An application or “questionnaire” is the easiest way to obtain objective information about a potential hire. Professional resumes, while a good starting point, may not provide all of the information regarding a candidate’s background that the hiring firm needs to identify potential risks. As a result, many firms use questionnaires that track the moral fitness application for joining the bar. The objective is to gather the basic information necessary to determine whether to invest the resources to pursue the opportunity.

2. Professional Information

Once past the initial screening, the next step is to gather professional information. Many firms combine the last step with this one, but there can be good reasons to separate the two. Biographical information rarely relates to professional duties. On the other hand, the disclosure of professional information, such as current or potential clients, legal malpractice claims history, or the operation of law firms, does. This second step, therefore, may only be appropriate after both the firm and the attorney have decided to move forward.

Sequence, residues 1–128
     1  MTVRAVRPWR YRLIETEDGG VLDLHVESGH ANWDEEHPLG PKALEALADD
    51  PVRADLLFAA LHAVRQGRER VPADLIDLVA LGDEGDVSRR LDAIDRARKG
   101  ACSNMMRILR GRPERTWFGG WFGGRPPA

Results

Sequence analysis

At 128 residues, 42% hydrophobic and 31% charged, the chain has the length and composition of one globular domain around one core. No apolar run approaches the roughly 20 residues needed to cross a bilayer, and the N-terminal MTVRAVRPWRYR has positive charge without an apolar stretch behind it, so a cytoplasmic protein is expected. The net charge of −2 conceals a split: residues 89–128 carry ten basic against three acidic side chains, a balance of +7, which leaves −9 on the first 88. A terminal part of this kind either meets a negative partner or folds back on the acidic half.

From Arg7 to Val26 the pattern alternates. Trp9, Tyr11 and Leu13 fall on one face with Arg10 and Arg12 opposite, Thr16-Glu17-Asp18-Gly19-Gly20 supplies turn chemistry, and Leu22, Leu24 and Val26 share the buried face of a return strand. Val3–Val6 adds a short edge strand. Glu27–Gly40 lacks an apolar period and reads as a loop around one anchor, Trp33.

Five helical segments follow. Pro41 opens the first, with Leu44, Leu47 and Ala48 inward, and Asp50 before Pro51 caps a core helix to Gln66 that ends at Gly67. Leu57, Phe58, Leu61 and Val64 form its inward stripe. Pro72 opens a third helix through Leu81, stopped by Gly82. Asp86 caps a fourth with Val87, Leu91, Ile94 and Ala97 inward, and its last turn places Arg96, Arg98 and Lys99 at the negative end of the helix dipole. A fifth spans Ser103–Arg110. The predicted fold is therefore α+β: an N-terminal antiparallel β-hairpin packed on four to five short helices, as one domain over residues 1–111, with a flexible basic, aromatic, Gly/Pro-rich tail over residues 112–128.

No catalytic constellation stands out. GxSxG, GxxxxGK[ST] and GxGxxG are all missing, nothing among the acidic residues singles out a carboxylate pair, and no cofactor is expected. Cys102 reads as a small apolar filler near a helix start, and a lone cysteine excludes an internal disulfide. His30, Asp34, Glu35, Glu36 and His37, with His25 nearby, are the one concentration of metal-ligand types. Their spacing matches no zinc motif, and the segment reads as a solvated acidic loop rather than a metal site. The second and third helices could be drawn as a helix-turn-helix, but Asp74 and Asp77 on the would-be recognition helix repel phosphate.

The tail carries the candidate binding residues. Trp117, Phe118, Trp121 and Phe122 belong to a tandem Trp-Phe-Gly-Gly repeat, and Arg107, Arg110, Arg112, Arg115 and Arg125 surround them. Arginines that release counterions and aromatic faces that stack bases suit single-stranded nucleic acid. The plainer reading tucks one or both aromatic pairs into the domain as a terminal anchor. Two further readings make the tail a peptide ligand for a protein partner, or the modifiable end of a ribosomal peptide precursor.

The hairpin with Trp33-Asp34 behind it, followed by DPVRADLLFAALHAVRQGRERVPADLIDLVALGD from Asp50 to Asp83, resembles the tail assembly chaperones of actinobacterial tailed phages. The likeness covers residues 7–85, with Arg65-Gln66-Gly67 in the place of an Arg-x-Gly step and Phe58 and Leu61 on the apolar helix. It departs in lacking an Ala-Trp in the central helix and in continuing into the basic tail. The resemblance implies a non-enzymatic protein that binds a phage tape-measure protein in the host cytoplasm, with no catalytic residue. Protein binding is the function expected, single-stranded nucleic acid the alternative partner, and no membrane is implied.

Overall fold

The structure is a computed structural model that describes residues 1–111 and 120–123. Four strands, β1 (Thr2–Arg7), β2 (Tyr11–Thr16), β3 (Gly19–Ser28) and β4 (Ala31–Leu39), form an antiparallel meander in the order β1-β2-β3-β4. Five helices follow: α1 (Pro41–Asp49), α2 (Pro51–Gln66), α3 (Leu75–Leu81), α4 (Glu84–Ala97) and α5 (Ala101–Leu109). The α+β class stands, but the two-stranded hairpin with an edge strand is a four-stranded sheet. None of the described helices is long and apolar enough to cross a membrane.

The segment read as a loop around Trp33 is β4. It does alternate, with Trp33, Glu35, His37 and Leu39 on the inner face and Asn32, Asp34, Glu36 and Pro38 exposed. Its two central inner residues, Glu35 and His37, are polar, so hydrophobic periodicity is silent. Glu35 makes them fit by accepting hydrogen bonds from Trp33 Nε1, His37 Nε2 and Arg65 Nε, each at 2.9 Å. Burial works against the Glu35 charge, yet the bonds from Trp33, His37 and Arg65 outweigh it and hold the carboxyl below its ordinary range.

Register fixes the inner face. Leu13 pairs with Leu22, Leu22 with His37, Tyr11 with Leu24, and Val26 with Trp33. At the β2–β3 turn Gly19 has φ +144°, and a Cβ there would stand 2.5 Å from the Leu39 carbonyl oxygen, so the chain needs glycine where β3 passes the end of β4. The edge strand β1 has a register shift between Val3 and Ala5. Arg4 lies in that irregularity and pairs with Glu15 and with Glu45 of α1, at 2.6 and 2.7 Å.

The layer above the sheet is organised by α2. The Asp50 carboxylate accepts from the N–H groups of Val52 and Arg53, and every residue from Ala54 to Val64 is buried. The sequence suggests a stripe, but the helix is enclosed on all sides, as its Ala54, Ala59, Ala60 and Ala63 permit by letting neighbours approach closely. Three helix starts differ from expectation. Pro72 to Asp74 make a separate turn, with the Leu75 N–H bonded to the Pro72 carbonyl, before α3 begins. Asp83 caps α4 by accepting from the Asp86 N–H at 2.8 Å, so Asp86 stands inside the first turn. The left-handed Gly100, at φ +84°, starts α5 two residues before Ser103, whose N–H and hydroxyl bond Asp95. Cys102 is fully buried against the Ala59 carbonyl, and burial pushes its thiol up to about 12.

A supplemental questionnaire might include the following requests:

• Knowledge of any circumstance that might give rise to a claim, including any reported to a current or former insurer involving the attorney;

• Prior claims history, including all reported claims involving the attorney;

• Any declination for legal malpractice insurance coverage;

• Continuity of insurance coverage;

• Prior discipline by any bar organization, court, or government agency;

• Prior litigation, administrative proceeding or criminal proceeding as a party; and

• Any boards, trusteeship, offices, positions or relationships with other entities.

During this step, the firm also may obtain the appropriate releases necessary to conduct a background check if desired, which typically includes criminal history and credit history. Perhaps more importantly, both the firm and attorney will need to exchange the necessary information to perform a conflicts check.